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M&S boasts of its 'sustainable' ambitions yet has a partnership with the oil company BP

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Co-operative, M&S and Waitrose accused of greenwash over close links to 'unethical' companies

Ben Miller

7th February, 2012

Seemingly ethical companies like The Co-operative, M&S and Waitrose have been accused of double-standards over their partnerships with oil giants like BP, Shell and Chevron

Britain’s biggest and most ethical companies have been forming increasing numbers of partnerships with some of the world’s most environmentally questionable organisations.

Marks and Spencer, which aims to become ‘the world’s most sustainable major retailer’, has a partnership with, BP, the company responsible for one the world’s largest ever oil spills in the Gulf of Mexico in 2010.

Waitrose, part of the John Lewis Partnership, aims to actively look for ‘opportunities to improve the environment and to contribute to the wellbeing of the communities’ in which they trade, has recently formed a partnership with Shell. In 2008, the oil company accepted full liability for two massive oil spills that devastated a Nigerian community at Bodo in Ogoniland.

Another major British retailer with an ethical outlook, the Co-operative, which recently bought out Somerfield, has inherited a partnership with Texaco. Chevron, bought by Texaco in 2001, is responsible for millions of gallons of crude oil and toxic waste polluting 1,700 hectares of the Amazon rainforest.

Greg Muttitt, campaigns and policy director at international development charity War on Want, said: 'People believe there is an ethical option. The fact these companies are doing deals with unethical businesses shows how limited their ethical commitments are. This will wake people up to how these companies’ ethical policies are only skin deep.'

BP and M&S join forces


M&S and BP’s partnership started in 2005 and there are now 135 BP and M&S stores in the UK. The companies have formed a franchise agreement whereby M&S provides the products and BP picks up the property, staffing and running costs.

M&S launched Plan A in 2007, consisting of 180 commitments to achieve by 2015, including working to combat climate change, reduce waste, use sustainable raw materials and trade ethically. They state they are doing this because they believe it is now the only way to do business - there is no Plan B.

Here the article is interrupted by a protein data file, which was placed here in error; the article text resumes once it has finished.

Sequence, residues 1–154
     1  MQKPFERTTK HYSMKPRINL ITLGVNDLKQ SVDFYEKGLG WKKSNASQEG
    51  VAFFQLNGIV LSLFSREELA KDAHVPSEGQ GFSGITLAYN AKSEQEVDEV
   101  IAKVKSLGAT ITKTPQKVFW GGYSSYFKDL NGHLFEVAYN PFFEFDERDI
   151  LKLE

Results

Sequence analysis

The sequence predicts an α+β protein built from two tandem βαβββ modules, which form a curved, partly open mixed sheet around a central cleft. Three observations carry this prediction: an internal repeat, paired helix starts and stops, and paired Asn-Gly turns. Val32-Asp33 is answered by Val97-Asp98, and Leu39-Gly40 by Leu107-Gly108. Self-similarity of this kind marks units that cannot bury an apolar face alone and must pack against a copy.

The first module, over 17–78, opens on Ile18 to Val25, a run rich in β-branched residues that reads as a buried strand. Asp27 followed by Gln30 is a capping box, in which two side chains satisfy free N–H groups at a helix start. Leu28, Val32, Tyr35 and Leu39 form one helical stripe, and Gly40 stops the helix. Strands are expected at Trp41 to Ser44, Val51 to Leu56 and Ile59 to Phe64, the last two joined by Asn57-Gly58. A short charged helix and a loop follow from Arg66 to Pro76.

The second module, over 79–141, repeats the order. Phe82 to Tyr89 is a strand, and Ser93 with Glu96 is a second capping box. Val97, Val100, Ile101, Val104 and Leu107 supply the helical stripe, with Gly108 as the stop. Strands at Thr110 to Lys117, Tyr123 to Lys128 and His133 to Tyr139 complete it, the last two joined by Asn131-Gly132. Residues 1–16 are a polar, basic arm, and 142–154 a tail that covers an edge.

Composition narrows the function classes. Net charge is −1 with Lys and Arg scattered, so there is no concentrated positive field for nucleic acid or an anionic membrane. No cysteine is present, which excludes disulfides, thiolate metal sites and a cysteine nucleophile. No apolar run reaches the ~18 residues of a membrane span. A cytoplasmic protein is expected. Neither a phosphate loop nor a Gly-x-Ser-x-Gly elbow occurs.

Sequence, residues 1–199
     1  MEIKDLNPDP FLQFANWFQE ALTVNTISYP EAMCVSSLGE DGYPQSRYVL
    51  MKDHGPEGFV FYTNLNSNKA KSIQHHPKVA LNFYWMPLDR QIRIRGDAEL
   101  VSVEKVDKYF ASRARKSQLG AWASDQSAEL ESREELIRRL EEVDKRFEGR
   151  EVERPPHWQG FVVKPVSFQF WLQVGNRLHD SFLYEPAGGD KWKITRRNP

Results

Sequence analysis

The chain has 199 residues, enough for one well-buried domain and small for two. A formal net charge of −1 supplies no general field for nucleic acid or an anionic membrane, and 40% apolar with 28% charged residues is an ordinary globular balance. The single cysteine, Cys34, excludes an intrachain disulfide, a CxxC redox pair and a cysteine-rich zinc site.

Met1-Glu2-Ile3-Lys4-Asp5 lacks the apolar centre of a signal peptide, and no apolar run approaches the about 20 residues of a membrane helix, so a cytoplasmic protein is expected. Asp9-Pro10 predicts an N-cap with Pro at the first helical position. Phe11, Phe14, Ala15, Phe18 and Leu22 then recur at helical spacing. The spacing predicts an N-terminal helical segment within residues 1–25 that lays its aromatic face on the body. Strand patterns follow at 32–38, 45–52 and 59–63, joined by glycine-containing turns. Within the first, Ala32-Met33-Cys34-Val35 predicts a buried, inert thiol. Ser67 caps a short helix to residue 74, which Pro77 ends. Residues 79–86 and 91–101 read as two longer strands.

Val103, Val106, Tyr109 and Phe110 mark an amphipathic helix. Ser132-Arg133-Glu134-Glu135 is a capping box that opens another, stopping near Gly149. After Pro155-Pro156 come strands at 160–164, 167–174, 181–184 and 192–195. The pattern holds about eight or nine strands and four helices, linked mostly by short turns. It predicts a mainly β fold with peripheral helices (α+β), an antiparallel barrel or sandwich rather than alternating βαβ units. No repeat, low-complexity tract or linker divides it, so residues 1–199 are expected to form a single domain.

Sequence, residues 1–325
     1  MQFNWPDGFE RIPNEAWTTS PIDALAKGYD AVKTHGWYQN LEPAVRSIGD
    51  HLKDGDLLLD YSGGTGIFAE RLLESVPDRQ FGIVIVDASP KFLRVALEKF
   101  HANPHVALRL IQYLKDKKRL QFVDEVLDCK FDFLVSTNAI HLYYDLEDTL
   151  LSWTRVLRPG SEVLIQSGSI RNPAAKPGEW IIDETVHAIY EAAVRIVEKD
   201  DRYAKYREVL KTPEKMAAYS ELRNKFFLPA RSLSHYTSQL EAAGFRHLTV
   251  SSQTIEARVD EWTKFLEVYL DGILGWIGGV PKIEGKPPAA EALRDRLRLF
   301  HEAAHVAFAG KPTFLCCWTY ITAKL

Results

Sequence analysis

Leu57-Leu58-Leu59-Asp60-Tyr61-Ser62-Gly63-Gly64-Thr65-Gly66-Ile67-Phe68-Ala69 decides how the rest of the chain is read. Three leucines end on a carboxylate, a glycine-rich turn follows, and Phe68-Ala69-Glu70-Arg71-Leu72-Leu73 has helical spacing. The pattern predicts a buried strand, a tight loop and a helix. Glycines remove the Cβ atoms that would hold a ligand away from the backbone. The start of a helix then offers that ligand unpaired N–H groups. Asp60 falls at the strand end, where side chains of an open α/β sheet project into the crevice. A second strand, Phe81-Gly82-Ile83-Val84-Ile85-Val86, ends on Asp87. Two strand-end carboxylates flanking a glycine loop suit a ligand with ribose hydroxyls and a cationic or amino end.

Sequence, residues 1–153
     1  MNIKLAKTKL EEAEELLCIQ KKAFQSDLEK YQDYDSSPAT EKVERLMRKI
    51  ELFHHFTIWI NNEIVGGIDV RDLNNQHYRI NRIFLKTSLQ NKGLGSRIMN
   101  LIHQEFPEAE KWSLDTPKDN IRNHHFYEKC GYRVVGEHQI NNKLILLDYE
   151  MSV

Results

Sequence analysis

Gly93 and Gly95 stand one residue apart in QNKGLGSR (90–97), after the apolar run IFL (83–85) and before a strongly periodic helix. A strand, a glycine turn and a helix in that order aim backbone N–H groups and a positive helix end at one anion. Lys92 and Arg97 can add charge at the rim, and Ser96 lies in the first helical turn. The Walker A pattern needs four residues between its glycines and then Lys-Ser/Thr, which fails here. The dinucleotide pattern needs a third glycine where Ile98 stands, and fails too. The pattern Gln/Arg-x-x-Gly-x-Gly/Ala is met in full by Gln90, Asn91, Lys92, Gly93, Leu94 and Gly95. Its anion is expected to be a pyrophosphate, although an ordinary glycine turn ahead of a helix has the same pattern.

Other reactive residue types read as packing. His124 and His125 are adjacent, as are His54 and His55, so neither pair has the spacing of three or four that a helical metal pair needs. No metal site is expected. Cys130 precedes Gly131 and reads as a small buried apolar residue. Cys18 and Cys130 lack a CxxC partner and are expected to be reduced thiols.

BP has been responsible for a number of other environmental disasters including, in 2006, the spillage of more than one million litres of oil in Alaska. BP is currently involved in extracting oil from tar sands in Canada which, according to Greenpeace, is the biggest industrial development on Earth destroying vast swathes of land, poisoning water supplies, displacing indigenous people and driving carbon emissions sky high.

In response to the contradictions of M&S’s Plan A and its partnership with a company with such a questionable environmental record, an M&S spokesperson, said: 'Our relationship is with BP Retail and we work closely with them on a number of aspects of Plan A, including waste management and community links. Good progress is being made in embedding Plan A into our franchise business. We do not work with any other part of BP and it is therefore not appropriate for us to comment on their activities.'

'Simply Food stores in BP forecourts are extremely popular with our customers and provide access to the M&S brand where otherwise we wouldn’t be able to have stores.'

Mr Muttitt, from War on Want said: 'Companies like M&S have done a very effective job at positioning themselves as ethical and people have been taken in by it. BP makes a business model out of cutting costs to the bone – that’s why it is involved in a disproportionate number of accidents around the world – and that’s the sort of company M&S want to partner with?'

Shell links up with Waitrose


In September, Shell and Waitrose opened two trial sites for a new joint venture, which sees Little Waitrose convenience branches on Shell petrol forecourts and also consists of combined marketing activities. Shell owns the sites and Waitrose has taken over the operation of each place, acting as Shell's agents for the sale of fuels.